The final game of that run ended on a failed two-point conversion against the Baltimore Ravens in which the Eagles had battled back from a 10-point deficit in the final three minutes. Pederson called for Wentz to throw the ball — with leading rusher Ryan Mathews on the bench — for the conversion and the win.

It was a highly questioned decision at the time, even for a 5-9 team, as the loss clinched a last-place finish. But the Eagles have only lost one game since. They finished with two straight victories last season, with Wentz playing well in each, and only fell at Kansas City in Week 2 when the Chiefs appeared to be at the height of their prowess.

For the people in Chicago openly wondering now about the ceiling of Trubisky, a fellow second-overall pick, all they need do is look at the progress Wentz has made in Year 2 — and how the Eagles helped buttress him for success.

They surrounded him with a cavalcade of former quarterbacks and sharp offensive minds in Pederson, offensive coordinator Frank Reich and QB coach John DeFilippo, the first two of whom were highly respected longtime NFL backups. It was a move straight out of the playbook of former Eagles head coach Andy Reid, under whom Pederson served as a top lieutenant in Kansas City.

The Eagles then beefed up the receiving corps with free-agent additions Alshon Jeffery and Torrey Smith and drafted two more wideouts, Mack Hollins and Shelton Gibson. They also added more power to the backfield — signing LeGarrette Blount on the cheap, then trading for Jay Ajayi at the deadline this year — and bulked up an already talented defense. It might be the best pass-rushing front in the NFL, and the rebuilt secondary is getting healthy just in time for the stretch run.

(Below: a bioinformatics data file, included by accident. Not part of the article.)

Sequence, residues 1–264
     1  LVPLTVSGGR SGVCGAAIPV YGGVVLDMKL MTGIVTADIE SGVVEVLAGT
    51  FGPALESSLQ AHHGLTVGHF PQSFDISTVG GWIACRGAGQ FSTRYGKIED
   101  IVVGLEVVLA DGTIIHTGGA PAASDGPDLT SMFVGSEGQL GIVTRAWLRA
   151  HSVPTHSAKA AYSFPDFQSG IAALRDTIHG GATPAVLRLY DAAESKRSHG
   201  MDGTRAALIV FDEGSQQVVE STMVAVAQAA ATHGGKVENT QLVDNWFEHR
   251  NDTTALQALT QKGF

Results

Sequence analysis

A similar path for Trubisky and the Bears would be music to many Chicago fans’ ears, and it’s possible that the organization looks hard at either Reich or DeFilippo as a possible successor to John Fox if the team moves on from its head coach at the end of this season, with Chicago having won only eight of its past 28 games.

The Eagles have established great balance on offense, ranking 26th in pass attempts with 319 and second in rush attempts with 316. Having Wentz allows them to cover every inch of the field with a college-like attack that incorporates read-options and run-pass options and employs Wentz (50 rushes, 224 yards, 17 runs for first downs) to make plays on the move.

They’ve been held below 100 yards rushing just once all season (in Week 1), have only turned the ball over six times the past eight games and have averaged 36.2 points the past six games. The Eagles are first in red-zone conversions and convert fourth downs (8-of-11 this season) with regularity.

How exactly do you defend this unit? They’ve gone from a fly-by-night offense in Wentz’s rookie season to a sky-high group in Year 2.

“We’re having a blast. I love winning in this league, and I love doing it with these boys.”

Pro Football Weekly